Read Galatians 3:1-14. What is Paul saying there that is relevant to us today, and how does he use Deuteronomy 27:26 and Deuteronomy 21.22-23 to make his point?
Unfortunately, it’s common in Christianity to use this letter as some kind of justification for not keeping the law, the Ten Commandments. Of course, that argument is really used as a reason not to keep the fourth commandment, as if keeping that one commandment, as opposed to the other nine, is somehow an expression of the legalism that Paul was dealing with here.
Yet, Paul was not speaking against the law, and certainly nothing in this passage could justify breaking the Sabbath commandment. The key can be found in Galatians 3:10, where he writes that “All who rely on the works of the law are under a curse,” and then he quotes Deuteronomy 27:26. The issue isn’t obedience to the law, but “relying on the law” — a tough position, if not an impossible one, for fallen beings like ourselves.
Paul’s point is that we are not saved by the works of the law but by Christ’s death on our behalf, which is credited to us by faith. His emphasis here is on what Christ has done for us, at the cross. And to help make this point, he refers back to Deuteronomy again, this time Deuteronomy 21:23. Like Jesus, Paul says, “it is written,” showing the authority of the Old Testament, and now he quotes from a text dealing with someone who, having committed a capital crime, and having been executed for it, was then hung on a tree, perhaps as a deterrent to others.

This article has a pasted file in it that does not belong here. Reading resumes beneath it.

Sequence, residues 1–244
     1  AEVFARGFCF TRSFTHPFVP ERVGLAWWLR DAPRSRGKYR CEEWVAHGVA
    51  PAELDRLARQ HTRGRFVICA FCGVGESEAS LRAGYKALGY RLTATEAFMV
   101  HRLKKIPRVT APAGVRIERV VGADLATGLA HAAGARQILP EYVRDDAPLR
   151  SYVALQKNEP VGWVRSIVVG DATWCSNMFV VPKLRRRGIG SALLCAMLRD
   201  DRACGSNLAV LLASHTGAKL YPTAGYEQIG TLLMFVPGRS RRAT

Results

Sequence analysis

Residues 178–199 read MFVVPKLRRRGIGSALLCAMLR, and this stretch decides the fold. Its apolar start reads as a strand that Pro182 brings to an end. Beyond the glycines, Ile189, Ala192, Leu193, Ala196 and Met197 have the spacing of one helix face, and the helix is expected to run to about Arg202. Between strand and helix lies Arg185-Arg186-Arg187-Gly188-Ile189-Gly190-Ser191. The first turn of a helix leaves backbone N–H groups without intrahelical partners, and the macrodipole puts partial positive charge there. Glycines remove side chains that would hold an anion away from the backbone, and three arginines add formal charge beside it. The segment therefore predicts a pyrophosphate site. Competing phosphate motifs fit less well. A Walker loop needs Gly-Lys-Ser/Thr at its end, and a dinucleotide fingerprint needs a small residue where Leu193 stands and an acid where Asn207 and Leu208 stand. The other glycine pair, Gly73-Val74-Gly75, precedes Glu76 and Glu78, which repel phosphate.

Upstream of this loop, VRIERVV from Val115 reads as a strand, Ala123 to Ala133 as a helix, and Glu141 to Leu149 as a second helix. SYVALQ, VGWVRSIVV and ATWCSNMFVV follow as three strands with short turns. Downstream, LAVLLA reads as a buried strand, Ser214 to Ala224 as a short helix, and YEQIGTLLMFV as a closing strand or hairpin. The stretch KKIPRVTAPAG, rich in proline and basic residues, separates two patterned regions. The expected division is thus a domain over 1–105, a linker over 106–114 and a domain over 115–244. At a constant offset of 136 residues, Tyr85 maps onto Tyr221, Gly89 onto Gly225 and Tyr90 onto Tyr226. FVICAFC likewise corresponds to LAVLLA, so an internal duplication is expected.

Paul, though, uses that as a symbol for Christ’s substitutionary death in our behalf: Christ became a “curse for us” in that He faced the curse of the law; that is, death, which all humans would face because all have violated the law. The good news of the gospel, however, is that the curse that should have been ours became His, at the cross, “that we might receive the promise of the Spirit through faith” (Galatians 3:14).
Or, as Ellen G. White said it: “None but Christ could redeem fallen man from the curse of the law and bring him again into harmony with Heaven. Christ would take upon Himself the guilt and shame of sin — sin so offensive to a holy God that it must separate the Father and His Son.” — Ellen G. White, Patriarch and Prophets, p. 63.
|Think about what you would face if you were to receive the just punishment for whatever wrongs you have committed. However, because Christ bore the punishment for your wrongs in Himself, so that you don’t have to, what should your response to His sacrifice be?|